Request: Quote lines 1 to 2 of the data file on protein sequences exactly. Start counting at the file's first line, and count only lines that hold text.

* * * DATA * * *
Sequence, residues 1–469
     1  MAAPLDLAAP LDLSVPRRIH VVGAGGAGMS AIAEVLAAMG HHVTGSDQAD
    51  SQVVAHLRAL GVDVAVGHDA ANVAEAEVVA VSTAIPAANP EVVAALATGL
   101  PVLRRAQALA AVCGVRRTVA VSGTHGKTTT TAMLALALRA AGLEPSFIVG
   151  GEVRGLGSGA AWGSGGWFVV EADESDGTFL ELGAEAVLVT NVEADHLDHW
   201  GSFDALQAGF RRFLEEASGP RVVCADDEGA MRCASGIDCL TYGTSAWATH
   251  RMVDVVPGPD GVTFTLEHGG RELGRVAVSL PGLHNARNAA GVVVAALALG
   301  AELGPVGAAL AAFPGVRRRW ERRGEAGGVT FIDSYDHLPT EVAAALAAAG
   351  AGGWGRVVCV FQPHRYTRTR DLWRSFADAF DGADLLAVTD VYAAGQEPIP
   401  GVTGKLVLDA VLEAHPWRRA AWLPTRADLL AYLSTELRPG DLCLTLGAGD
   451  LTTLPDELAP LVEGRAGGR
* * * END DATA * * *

Sequence, residues 1–469
     1  MAAPLDLAAP LDLSVPRRIH VVGAGGAGMS AIAEVLAAMG HHVTGSDQAD